The coins are adapted to be inserted in one of the' slots 6 shown in Figure 1 and drop down through a coin chute 7 shown in Figure 8 and lodge in a concave notch 8 formed in the periphery of a disk 9 secured upon the shaft 3. In the present instance, three spaced concave notches are shown in the periphery of the disk 9 which is actuated one third of a revolution so that one coin notch 'properly centering the coin disk 9 so t at -it will be in a position to receive a coin.
The actuating disk 4 is provided with a radial shank 11 (Figure 4) from which an operating handle 12 projects. The handle projects t'hrough an arcuate slot in the side of the casing for manual actuation. This arcuate slot is normally closed by a. shield 13 extending radially from the actuating disk4 which is always returned to normalposition through the spring 14 which is connected at one end to the casing and at its other end to the shank 11.
In Figure 4 a coin 15 is shown deposited in a coin notch in the disk 9. Now by actuating the disk 4 through the handle 12 the abutting end of the ange 5 will strike the coin and cause the disk 9 and shaft 3 to revolve a art of a. revolution whereby an article carried by a pair of the disks 2 will be dumped into the delivery chute 16. Upon release of the handle 12 the actuator will be drawn back to normal position by the spring 14.
In the present instance, in which three actuations are designed lution to the shaft 3, one of these actuations will return the coin by depositing it in the delivery chute 16. The partsare so designed that every third actuation will return the coin to the purchaser. This is brought about as follows:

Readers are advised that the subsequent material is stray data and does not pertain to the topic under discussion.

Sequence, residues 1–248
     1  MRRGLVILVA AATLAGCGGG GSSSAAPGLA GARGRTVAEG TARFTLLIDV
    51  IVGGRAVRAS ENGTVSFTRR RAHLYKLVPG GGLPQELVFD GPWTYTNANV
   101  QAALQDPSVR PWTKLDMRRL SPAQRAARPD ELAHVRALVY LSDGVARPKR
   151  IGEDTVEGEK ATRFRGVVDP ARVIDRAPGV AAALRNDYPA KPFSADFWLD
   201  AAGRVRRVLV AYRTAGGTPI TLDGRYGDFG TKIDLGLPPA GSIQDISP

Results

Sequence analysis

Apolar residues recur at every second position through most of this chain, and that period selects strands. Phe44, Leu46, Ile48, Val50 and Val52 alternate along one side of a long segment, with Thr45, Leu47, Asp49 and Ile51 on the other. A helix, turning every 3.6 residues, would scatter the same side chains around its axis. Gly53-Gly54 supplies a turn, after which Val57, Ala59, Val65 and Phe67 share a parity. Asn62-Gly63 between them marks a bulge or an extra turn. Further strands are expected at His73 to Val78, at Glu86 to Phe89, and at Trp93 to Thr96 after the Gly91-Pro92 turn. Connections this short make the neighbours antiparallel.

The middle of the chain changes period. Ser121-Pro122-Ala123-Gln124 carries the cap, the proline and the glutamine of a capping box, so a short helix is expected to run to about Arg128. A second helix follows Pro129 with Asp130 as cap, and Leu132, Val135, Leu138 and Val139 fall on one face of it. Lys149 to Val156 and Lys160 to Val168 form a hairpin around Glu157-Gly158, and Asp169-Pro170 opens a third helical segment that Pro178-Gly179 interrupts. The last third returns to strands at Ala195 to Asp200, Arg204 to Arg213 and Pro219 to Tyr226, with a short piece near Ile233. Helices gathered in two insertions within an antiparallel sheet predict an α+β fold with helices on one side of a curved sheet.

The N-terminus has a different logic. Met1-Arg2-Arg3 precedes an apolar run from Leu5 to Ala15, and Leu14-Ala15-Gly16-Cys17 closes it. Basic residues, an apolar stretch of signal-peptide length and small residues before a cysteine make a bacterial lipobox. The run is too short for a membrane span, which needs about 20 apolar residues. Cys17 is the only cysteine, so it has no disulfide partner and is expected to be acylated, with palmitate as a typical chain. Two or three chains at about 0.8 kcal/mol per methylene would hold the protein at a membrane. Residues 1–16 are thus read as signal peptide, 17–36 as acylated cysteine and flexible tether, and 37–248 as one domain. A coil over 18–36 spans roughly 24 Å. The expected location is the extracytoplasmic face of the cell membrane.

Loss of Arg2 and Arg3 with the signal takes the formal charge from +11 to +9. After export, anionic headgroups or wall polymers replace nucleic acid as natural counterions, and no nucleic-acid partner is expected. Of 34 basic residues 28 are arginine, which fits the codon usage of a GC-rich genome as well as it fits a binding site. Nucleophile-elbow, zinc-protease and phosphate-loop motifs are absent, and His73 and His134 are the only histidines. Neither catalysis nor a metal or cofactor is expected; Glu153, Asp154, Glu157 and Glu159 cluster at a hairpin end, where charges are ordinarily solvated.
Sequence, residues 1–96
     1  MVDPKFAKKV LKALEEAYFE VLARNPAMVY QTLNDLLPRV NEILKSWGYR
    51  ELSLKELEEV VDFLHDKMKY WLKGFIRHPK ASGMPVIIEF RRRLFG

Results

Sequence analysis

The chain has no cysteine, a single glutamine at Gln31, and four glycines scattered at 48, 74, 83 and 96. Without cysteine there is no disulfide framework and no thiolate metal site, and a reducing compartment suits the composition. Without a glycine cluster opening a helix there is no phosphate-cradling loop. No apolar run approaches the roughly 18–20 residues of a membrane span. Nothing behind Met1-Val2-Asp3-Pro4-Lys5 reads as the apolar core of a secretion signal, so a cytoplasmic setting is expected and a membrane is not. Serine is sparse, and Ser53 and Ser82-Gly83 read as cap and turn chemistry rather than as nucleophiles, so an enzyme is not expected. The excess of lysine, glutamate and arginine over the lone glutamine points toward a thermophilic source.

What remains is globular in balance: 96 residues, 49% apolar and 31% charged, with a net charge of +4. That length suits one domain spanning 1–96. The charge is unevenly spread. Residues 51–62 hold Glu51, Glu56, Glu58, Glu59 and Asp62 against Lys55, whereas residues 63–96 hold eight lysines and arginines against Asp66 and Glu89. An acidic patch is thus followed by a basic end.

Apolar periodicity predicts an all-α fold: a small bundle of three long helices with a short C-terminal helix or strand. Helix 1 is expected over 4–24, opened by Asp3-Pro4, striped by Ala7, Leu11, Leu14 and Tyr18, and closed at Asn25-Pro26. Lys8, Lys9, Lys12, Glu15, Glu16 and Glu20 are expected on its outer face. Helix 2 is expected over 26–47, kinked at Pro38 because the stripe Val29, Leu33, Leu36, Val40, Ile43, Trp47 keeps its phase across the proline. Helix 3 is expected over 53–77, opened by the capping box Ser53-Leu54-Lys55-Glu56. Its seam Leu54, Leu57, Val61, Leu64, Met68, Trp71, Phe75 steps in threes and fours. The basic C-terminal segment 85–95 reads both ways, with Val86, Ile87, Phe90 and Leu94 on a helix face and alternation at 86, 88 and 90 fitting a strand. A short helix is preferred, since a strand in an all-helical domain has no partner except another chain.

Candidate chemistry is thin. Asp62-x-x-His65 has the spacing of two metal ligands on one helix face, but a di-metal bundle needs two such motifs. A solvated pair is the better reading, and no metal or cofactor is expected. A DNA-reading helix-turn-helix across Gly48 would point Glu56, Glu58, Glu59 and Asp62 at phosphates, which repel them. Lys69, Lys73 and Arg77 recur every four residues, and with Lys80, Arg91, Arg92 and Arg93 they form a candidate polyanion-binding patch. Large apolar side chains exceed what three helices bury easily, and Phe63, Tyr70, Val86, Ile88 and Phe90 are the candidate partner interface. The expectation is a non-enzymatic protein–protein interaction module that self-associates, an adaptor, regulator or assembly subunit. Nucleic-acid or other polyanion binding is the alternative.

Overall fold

In Figures 7 and 8 there is shown a swinging arcuate guide 17 pivoted at one end and so positioned with respect to the coin disk 9 that it will normally guide the coins past the delivery chute 16, the coins riding over a stationary guide 18 and dropin in the rear of the casing which constitutes thecoin box. Mechanism has been provided for swinging the guide 17 outwardly every third actuation of the actuator 4 so that the coin will drop in the delivery chute 16 with the vended article.
In referring to Figure 7, it will be noted that a three armed block 19 is secured upon the shaft 3; two ofthe arms are short and during rotation of the shaft 3 they will not affect the swinging guide 17; the third arm, however, is long and is adapted when it comes` around to strike the guide 17 and swing it outwardl a 'suiiicient extent so that the coin will rop from its notch into the delivery chute 16.
A spring pressed arm 20 pivoted at its to impart one revolower end is spring impelled by the spring 21 against the side of one of the arms of the device 19 for centering the shaft 3 in its statlonary position.
While the present vending machine is designed to return every third coin to the purchaser, it should be understood that this is for the urpose of illustrating only. It is contemp ated that any predetermined actuation of the machine may return the coin.
I am aware that nany changes may be made, and numerous details of construction may be varied through a wide range Without departing from the principles of this inven tion, and I therefore do not purpose limiting the patent granted hereon, otherwise than necessitated by the prior art.
1. In a coin controlled vending machine, a rotatable coin carrying disk, means for rotating the same through the interposition of a coin, a swinging guide for retaining the coins in said disk to discharge into the coin depository, and an arm connected for rotation with said coin disk and adapted at intervals to swing said guide to allow a coin to drop into the delivery chute-of the machine.
2. In a coin controlled vending machine, a rotatable article ldelivering device, a coin disk secured thereto, an actuator for the disk movable guiding mechanism for retaining the coins on said disk and means for periodically rendering said guiding mechanism inoperative.
In testimony whereof I have hereunto subscribed my name.
JOHN r. WATLING.